Here's the first in a planned series of posts where we ask design people to share their favorite places worldwide.
The Apartment's Stefan Boublil - pictured above - has just returned from a whirlwind business trip to Tokyo. Before he left we asked him to document the (albeit tiny) leisure part of his trip and come back with his Top5 favorite places. So he gave us six. Here they are with his comments, with more after the jump:
the kurage restaurant part of the tokyo wonder site and situated in the shibuya worker's welfare hall, this art café and shop is waaayy funner than detroit's automobile union cafeteria! in the center of youngville, you will not only eat the best avocado and raw tuna dish you can buy, you'll also be able to ogle the boys and girls of the shopping district.
the cathedral st. mary's as if a spaceship had landed in a residential neighborhood, kenzo tange's masterpiece, aluminum-clad on the outside and bunker-grade concrete on the inside, this monument to christ is all i need to convert. ok, fine, not quite... but the sense of awe that you get from merely standing in its gut is frighteningly powerful.
the graphic city not to cliché-out about calligraphy but it seems as if the discipline needed to write down the language has given the japanese a built-in sense of composition and layout. uniforms, signs, packaging, all of it is so pleasing to the eye. everywhere you look seems intended, considered. you can pretty much point you camera anywhere and the lines will connect.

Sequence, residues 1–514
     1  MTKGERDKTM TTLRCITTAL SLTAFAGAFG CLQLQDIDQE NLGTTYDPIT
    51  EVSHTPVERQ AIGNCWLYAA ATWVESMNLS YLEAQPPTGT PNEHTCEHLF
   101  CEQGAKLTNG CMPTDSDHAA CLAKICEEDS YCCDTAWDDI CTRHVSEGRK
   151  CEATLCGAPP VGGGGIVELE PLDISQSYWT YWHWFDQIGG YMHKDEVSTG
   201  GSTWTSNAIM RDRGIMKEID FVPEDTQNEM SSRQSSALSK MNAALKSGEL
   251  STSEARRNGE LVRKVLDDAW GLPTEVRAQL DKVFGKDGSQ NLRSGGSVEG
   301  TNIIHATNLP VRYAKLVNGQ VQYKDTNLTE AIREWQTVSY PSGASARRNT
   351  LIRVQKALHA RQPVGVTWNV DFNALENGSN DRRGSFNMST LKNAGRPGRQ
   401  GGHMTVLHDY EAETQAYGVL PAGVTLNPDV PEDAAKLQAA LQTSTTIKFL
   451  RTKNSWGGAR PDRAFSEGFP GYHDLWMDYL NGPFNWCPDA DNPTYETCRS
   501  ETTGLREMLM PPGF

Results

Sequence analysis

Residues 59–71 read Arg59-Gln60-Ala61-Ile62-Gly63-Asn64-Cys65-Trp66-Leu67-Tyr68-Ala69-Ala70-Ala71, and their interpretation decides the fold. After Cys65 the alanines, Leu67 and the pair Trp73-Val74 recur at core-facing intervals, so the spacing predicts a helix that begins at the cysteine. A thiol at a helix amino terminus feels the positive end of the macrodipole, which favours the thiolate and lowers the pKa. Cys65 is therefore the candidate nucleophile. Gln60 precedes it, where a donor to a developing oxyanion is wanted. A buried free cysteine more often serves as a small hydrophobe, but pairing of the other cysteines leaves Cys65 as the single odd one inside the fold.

the prada building i have longed to see the herzog & de meuron take on frivolity for as long as i can remember. and i was not disappointed. as much as it will seem difficult to fathom. the building actually gets out of the way of the brand and its products. much more so than anything rem koolhaas has done or is doing. this building lives.
the subway feeling like darth vader barging in on princess leia's "diplomatic mission to alderaan," the tokyo subway is clean as a whistle. if you had asked me to pick a color for a subway system, white would not have been my first go-to. yet, for the japanese, no sweat. the don't eat in the streets or chew gum in public, apparently, hence no need for garbage cans or worry that the environment will get dirty.
the asahi beer hall philippe stark's addition to the tokyo skyline adds a bit of poetry to the severe lines around it. overlooking the river, it is a great place to have lunch with your fellow salarymen.